When we talk SEO, the topic of link-building will undoubtedly come up. And this conversation always gets into “what is a good link.” There are plenty of other articles on what signifies a quality link (relevant website, high ranking pages, in-content links, etc.), but what a lot of people seem to throw in the mix is their disregard to attaining links on sites that place the “nofollow” tag on them.
If you set aside search engine rankings for a moment, and remember that the point is to increase traffic to your site, then there may be many sites out there from which a link would be of great value.
So don’t discount an opportunity to gain a link from a site simply because it would be “nofollowed.” Before Google came along and we realized how important links were to our rankings, this is how we gained traffic anyway. As long as the link is relevant and offers the searcher value in some way, we say get all the links you can. A qualified visitor from another website is just as important as that of a search engine.
All in all, this is what drives the ever-growing landscape. Because links are so important, we are going to talk today about various link types and how they are handled.
Internal links are those that are on your website, that point to other pages on the same site. The navigation of your site would be a good example of this, but the SEO implications call for more attention. We need to not only consider the anchor text that we use to point to the pages of our site, but also where they are in relation to our content.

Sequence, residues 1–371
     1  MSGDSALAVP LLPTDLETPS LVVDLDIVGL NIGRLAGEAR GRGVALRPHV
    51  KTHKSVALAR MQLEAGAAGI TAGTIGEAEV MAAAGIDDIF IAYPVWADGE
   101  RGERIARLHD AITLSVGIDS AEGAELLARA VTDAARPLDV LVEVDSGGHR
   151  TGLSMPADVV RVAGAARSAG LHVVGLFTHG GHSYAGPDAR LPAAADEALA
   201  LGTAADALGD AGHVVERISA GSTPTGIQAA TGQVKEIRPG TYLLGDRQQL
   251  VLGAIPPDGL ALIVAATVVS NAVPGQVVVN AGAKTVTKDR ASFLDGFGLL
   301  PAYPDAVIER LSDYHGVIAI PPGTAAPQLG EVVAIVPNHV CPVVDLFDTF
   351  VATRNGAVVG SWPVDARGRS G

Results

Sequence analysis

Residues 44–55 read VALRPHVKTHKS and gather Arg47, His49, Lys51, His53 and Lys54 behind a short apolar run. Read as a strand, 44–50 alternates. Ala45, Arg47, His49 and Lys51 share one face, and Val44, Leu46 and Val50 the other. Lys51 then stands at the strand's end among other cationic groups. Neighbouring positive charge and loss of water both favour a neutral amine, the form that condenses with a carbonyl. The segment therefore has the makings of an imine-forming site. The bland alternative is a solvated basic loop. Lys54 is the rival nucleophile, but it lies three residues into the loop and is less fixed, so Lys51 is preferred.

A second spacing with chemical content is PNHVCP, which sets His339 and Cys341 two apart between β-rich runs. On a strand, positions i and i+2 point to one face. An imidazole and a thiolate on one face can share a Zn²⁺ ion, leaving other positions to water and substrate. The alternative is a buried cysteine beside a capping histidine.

Internal links that point to a page of your site nested within relevant content will help to establish a page’s relevance to a certain search term. So, not only do we need the right anchor text, we need to discuss the link within our content.
The homepage of a site often touches on many aspects of the products, services or information that are also detailed in their own pages; like a ‘products’ page. Since we are talking about our products on the homepage, why not link to the right page with the right anchor text?
Also, known as inbound links. These are links that point to your website from another website. This is the meat of SEO today (and for the last few years). Getting links pointing to your site from other websites with a lot of links pointing to them, with a keyword for the anchor text is what we SEOs spend countless hours chasing.
When a website links to your site, we want to convince them to use a desired keyword or search term as the anchor text. Remember that this will help a search engine associate your site with that term. This is sometimes the tricky part, but that’s what we want.
- Links from important sites are good.
- Links from relevant sites are good.
- Links with desired anchor text from other sites are good.
- Outbound Links
Outbound links are links on your website that point to other websites. You might be thinking “why would I want to give out my links to other sites, giving them credit?” At start I would say “you’re right. By linking to others, you are giving some of your link juice to them.” But there’s a bit more to it. There are also ways we can manage the juice we give to other sites.
- Linking to other sites will give some of your link credit or “juice.”
- Linking to other sites should only be done so in a way that would benefit your visitors.
- Excessive outbound links will have a negative impact on your site in several ways.
- Don’t use one of your search terms as the anchor to an outbound link.
- We can use the nofollow attribute to keep the juice on our site, but that isn’t playing nice.